In an episode of the Mtv show 'Faking It', the main character Amy expresses being interested in a boy. Since this comes on the heels of Amy confessing her love for her female best friend at the end of the first season, many viewers felt frustrated and confused. Wasn't Amy a lesbian? Had she not just come out? What was she doing making eyes at that boy?
Just a brief request from us to the world-at-large, primarily with the aim of making our users lives a little easier. Secondarily, it'd also make the lives of those of us who work to help them daily in these areas easier, too, which would sure be nice.
Please do us and everyone else a favor and stop using certain words with very specific meanings as general shorthand.
I saw a young woman the other day who was in her late teens.
Today, like most days, our site has been up and running, including its tremendous archive; probably serving around 20,000 users by the end of the day. All of our direct services are live: our message boards, SMS service and live online chat. Myself and some of the volunteers are in the middle of creating new content, like one of our in-depth articles or advice columns. The daily and collective creative brainstorming, problem-solving, observing and reflecting that goes on behind the scenes amongst our staff and volunteers, and together with our users, can and will happen today.
Thanks so much to everyone who has been pitching in with our current fundraising drive. We're getting awfully close to our goal -- to the minimum we need to raise to avoid any shutdowns -- and we could not be more appreciative and excited. Thank you!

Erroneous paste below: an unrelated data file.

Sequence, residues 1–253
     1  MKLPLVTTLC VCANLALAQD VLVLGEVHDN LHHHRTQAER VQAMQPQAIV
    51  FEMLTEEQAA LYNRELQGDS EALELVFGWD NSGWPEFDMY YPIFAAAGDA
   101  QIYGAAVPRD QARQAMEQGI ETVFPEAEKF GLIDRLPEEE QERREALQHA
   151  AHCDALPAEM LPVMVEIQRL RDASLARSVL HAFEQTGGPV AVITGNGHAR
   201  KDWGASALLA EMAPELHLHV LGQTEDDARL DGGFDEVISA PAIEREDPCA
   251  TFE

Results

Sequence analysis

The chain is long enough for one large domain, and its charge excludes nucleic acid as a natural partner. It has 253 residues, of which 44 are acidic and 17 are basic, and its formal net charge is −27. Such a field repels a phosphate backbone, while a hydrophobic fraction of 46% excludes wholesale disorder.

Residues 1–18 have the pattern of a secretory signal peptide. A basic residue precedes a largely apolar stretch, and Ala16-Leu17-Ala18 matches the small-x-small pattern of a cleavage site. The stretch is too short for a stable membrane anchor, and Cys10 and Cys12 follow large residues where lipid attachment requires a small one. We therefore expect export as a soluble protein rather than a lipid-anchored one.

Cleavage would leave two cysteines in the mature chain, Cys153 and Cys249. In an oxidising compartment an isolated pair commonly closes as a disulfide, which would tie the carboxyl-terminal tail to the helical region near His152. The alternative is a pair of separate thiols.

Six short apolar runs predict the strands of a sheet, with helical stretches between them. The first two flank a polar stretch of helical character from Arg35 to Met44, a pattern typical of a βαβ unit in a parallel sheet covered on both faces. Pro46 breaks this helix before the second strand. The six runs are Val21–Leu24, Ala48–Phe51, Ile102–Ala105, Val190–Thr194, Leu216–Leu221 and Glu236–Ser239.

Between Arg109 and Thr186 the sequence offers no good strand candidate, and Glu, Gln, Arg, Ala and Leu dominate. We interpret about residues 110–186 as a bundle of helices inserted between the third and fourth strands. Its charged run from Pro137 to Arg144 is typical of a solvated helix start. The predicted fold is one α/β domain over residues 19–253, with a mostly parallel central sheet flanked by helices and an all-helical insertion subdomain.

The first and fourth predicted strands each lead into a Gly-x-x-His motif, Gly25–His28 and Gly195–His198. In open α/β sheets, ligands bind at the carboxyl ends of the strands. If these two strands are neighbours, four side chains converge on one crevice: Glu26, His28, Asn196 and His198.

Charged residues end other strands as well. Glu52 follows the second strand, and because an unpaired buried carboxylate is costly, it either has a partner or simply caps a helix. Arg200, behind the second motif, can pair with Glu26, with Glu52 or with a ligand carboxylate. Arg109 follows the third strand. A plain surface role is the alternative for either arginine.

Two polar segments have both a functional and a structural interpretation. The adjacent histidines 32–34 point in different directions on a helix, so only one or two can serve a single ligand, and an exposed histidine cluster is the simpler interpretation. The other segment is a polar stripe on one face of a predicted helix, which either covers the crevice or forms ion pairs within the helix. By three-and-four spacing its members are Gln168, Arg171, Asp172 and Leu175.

When it comes to financial support, we primarily look to, and need help from, older adults in the world who care about young people, who care about young people's free, unrestricted access to excellent sex education and who do have the economic autonomy and funds to give a little.
This can obviously be a bit tricky. Most of these folks have never used Scarleteen, so it's hard for them to understand its value and what it offers and gives our readers and users.
But! There's something that can help. Here's where you come in, current-Scarleteen-user or now-Scarleteen-alum.
You can tell them. Then they'll know.
As you may have read a few weeks ago, we are in dire straits when it comes to sustaining all that we do here at Scarleteen, and need more support to do so now. Since we put out that call, we've raised around half of what we need to keep doing all we currently do, thanks to a few hundred generous individuals. Thanks so much to everyone who has given us your help so far!
Ever since puberty, I found my body to be a site of shame, something I desperately wanted to escape.
A transplant to predominantly white Catholic schools on Long Island, I was immediately deemed ugly. I had an older sister, but we were close enough in age that we were navigating puberty around the same time. As second-generation daughters of immigrant parents, we were on our own as far as navigating the personal and social meanings of our bodies.